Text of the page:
Grow with us

About Flax Flower 

Also known as linseed, flax is from the family of flowers known as Linaceae. It is used as food and fiber in cooler parts of the world (you might even see it in fancy health food stores in the UK, praised for its health benefits). 

Traditionally, flax used in Western Countries was cultivated to produce linen for things like bed cloths, underclothes, table linen, and ropes. Flax production for linen cloths is found all over the world, including Russia, New Zealand and Egypt. There is archaeological evidence that may point to humans using wild flax to produce textiles from over 30 thousand years ago, and originates from Georgia in Eastern Europe.

Flax was one of the earliest plants to be cultivated and domesticated for textiles production in ancient Egypt, Mesopotamia, and Assryia (Iraq and Syria). It was widely used for centuries all over the world and highly valued in Western, Northern, and Eastern Europe. Places like Ireland and Lithuania, were known for their flax growing and linen weaving.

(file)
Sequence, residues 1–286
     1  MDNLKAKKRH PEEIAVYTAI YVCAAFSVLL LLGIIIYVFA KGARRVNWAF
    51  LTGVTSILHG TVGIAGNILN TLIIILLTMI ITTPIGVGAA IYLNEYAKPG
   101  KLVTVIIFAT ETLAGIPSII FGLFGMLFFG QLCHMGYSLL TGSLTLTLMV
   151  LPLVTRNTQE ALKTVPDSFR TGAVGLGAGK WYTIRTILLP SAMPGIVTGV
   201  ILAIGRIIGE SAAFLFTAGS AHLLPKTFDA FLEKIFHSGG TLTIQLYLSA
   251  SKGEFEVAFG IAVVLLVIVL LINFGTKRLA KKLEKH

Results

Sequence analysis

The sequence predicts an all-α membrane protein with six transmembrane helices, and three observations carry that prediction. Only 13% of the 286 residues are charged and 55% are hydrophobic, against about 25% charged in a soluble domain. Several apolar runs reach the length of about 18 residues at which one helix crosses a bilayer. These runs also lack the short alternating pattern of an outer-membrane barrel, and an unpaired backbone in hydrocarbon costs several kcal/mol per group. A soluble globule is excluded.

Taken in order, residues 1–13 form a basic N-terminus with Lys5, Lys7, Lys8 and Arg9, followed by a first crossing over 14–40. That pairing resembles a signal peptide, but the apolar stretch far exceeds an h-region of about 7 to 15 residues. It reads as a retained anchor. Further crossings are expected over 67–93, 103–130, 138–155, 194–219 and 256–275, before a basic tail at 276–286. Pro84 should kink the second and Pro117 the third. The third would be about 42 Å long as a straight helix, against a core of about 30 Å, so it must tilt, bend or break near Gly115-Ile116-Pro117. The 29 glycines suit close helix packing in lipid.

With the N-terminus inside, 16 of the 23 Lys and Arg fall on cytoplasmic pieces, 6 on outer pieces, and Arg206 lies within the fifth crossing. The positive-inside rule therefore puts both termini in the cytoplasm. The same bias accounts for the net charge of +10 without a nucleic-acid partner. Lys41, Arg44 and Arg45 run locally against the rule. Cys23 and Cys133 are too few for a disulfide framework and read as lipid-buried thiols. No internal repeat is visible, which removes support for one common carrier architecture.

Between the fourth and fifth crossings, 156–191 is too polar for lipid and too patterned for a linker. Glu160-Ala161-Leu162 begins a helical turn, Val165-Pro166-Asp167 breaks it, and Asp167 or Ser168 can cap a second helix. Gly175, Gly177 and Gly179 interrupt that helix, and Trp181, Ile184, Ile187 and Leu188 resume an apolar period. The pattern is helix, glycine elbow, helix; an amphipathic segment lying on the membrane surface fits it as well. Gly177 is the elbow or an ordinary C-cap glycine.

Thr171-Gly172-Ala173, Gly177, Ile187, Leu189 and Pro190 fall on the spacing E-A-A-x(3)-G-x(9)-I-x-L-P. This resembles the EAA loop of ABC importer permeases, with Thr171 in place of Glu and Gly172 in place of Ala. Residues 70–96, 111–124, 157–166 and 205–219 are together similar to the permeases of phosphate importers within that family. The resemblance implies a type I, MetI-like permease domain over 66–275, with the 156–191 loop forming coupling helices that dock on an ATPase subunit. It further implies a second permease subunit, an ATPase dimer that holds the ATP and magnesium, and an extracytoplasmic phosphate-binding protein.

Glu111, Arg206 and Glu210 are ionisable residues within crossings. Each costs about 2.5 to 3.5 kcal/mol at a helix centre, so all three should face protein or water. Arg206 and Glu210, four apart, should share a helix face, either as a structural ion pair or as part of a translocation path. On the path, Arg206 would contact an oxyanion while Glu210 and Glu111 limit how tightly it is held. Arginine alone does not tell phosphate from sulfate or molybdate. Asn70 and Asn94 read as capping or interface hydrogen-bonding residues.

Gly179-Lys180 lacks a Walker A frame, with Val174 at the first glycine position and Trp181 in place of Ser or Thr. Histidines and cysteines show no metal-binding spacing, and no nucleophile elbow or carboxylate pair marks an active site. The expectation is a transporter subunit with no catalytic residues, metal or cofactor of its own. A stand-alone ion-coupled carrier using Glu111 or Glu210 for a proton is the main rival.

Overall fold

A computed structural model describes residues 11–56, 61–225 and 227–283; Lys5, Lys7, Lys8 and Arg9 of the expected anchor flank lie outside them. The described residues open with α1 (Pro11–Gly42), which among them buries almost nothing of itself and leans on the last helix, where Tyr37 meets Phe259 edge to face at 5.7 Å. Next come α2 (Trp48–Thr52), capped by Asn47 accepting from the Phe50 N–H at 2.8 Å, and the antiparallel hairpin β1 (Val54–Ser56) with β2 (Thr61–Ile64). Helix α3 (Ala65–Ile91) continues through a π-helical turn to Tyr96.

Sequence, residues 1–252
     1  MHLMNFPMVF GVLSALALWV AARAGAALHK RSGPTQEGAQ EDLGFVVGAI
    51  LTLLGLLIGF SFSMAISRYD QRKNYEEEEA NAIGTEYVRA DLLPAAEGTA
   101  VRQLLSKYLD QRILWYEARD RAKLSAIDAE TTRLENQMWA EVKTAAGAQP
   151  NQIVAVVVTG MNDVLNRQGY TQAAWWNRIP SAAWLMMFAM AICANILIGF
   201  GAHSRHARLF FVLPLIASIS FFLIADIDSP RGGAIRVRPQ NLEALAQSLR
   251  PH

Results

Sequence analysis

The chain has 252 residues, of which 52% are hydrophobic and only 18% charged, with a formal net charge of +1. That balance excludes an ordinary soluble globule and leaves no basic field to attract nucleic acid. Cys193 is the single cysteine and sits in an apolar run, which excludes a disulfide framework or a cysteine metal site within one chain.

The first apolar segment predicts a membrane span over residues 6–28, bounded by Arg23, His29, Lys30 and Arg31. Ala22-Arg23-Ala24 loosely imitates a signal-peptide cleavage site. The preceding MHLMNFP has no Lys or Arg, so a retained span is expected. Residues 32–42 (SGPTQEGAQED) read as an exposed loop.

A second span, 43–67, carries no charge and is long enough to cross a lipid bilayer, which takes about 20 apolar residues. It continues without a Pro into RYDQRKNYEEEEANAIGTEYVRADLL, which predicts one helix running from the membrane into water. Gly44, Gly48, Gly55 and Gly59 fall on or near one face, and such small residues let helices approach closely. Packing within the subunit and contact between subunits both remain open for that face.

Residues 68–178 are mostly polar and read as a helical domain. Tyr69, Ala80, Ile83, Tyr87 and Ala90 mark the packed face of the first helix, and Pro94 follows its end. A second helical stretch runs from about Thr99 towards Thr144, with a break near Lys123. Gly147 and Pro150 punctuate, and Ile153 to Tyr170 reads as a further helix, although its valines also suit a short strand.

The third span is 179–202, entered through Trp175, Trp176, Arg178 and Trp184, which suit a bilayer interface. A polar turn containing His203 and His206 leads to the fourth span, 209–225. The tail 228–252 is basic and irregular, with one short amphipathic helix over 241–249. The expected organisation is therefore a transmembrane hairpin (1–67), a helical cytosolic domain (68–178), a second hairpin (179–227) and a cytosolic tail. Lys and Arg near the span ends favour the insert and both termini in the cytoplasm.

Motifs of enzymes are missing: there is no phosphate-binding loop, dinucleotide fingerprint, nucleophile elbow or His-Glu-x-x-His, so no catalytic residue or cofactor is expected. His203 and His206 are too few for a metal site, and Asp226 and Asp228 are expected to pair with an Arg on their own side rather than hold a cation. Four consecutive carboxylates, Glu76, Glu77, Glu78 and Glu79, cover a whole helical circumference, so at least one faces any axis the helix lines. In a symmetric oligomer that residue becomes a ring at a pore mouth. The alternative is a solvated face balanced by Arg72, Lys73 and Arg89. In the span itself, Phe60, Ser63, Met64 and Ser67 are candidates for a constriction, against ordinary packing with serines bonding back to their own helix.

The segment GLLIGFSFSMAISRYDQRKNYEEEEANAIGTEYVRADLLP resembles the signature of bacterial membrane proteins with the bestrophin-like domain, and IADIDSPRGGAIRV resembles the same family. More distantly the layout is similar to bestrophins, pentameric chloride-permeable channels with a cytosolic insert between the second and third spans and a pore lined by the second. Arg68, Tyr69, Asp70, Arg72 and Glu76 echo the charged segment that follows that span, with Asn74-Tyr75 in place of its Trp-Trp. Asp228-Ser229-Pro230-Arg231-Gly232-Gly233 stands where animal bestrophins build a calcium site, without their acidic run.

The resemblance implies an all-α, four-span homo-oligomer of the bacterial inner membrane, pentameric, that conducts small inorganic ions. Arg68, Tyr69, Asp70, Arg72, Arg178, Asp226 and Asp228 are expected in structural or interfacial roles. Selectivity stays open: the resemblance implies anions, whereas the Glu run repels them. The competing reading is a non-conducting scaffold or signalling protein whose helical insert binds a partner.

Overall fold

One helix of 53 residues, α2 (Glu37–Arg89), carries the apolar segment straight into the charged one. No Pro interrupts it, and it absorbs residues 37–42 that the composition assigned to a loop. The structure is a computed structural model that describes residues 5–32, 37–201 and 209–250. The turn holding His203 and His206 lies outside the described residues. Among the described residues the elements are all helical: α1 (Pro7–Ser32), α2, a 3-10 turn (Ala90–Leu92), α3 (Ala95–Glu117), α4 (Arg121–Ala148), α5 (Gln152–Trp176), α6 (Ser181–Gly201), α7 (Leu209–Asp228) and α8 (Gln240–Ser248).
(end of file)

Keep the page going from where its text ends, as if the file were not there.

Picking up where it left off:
In Northern England, Lancashire — including Liverpool and Merseyside — Flax was regularly grown locally as a crop for people to grow, to make and sell Sailcloth, ropes and their own clothes. By the mid-1500s, flax growing and weaving linen was a booming cottage industry in the whole region of the Lancashire coastal area, bolstered by imports of flax from Ireland.

By the 18th Century, flax was largely being imported from the Baltic region for the semi-industrial market of linen Sailcloth. Eventually, linen weaving was gradually replaced by cotton spinning and weaving, after cotton became readily available via imports from India and America, and was cheaper and easier to process. 

Grow at home

In April, we planted flax in different sites across Bootle, as well as provided over 100 households with grow at home kits, so they can grow flax on their doorsteps and in their yards. If you would like to grow your own flax at home, you can download the instructions below.

If you are growing flax at the moment, look out for more information about how to harvest in July.

A Field Of Flax

A project by Raisa Kabir, Rule of Threes Arts and Taking Root

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